Netflix boss Ted Sarandos reacts to ‘Cuties’ criticism: ‘It’s a film that is very misunderstood’

Clémence Michallon
·2-min read
(Right to left) Fathia Youssouf, Médina El Aidi-Azouni, Esther Gohourou, and Ilanah Cami-Goursolas in ‘Cuties' (Courtesy of Netflix)
(Right to left) Fathia Youssouf, Médina El Aidi-Azouni, Esther Gohourou, and Ilanah Cami-Goursolas in ‘Cuties' (Courtesy of Netflix)

Netflix co-CEO Ted Sarandos has spoken out in defense of Cuties, a film he says has been “very misunderstood” by some audiences.

“It’s a film that is very misunderstood with some audiences, uniquely within the United States," Sarandos said on Monday at the virtual Mipcom market, an industry event, according to Deadline.

He said Cuties “speaks for itself” and described it as a “very personal coming-of-age film” which “played very well at Sundance” as well as cinemas in Europe “without any of this controversy”.

“It’s a little surprising in 2020 America that we’re having a discussion about censoring storytelling,” Sarandos also stated.

Cuties, by director Maïmouna Doucouré, came out on Netflix in September after premiering at the Sundance Film Festival, where Doucouré won the Directing award in the World Cinema Dramatic category.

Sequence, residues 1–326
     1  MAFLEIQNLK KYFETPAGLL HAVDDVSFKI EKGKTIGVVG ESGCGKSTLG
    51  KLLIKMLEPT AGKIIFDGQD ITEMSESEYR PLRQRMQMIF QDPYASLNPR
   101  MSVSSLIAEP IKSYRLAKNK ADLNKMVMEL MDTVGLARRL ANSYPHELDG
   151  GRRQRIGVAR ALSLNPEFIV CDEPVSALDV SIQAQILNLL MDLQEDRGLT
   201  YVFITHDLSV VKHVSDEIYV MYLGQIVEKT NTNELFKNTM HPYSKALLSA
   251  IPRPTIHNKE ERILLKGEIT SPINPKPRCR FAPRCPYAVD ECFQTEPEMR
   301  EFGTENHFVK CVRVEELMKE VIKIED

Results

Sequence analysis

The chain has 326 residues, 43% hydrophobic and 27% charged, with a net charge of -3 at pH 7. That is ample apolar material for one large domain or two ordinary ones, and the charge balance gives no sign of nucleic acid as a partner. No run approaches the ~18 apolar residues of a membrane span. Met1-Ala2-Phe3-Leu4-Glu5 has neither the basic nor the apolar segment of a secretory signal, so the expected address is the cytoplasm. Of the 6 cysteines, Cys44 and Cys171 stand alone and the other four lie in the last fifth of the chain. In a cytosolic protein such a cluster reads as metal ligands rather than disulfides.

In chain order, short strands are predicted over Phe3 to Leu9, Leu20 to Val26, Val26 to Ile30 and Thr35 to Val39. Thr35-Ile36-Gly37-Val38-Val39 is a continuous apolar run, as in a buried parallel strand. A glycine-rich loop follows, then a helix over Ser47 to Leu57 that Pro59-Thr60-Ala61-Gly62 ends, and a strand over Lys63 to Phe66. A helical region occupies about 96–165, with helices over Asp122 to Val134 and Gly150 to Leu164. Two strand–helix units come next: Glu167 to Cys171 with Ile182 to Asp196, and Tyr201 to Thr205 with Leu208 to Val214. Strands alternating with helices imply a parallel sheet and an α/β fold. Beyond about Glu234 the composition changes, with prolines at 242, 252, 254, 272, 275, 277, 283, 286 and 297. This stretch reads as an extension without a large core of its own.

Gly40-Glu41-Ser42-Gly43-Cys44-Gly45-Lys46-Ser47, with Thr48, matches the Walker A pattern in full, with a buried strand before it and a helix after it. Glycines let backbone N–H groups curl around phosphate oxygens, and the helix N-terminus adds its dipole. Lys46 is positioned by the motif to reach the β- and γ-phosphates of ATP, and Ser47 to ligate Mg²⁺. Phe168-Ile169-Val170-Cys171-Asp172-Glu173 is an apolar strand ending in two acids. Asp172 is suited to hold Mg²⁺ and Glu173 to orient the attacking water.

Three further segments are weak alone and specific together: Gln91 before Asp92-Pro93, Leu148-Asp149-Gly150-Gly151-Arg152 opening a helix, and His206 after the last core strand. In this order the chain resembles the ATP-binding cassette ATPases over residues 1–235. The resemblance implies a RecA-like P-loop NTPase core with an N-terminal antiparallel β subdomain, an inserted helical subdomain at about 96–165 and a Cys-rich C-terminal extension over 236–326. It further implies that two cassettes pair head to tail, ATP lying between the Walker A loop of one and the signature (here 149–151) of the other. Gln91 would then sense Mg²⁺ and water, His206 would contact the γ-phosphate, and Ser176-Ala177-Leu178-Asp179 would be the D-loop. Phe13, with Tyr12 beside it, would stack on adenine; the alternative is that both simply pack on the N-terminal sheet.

The film tells the story of Amy, an 11-year-old girl living in France, who joins a dance group. Soon, Amy is torn between her friends group and the conservative upbringing she receives from her mother and grandmother, who are of Senegalese descent.

Among the themes explored by the movie is the way our culture unfairly and inappropriately sexualises young girls. Both Netflix and Doucouré have firmly stated that it delivers a criticism of that culture, and many, including actor Tessa Thompson, have echoed that view.

Nonetheless, some, including Republican Senator Ted Cruz and other politicians, have accused Cuties of contributing to the very phenomenon it aims to denounce. A grand jury in Tyler County, Texas, indicted Netflix over its distribution of the film last week.

A Netflix spokesperson told The Hollywood Reporter at the time: “Cuties is a social commentary against the sexualisation of young children. This charge is without merit and we stand by the film.”

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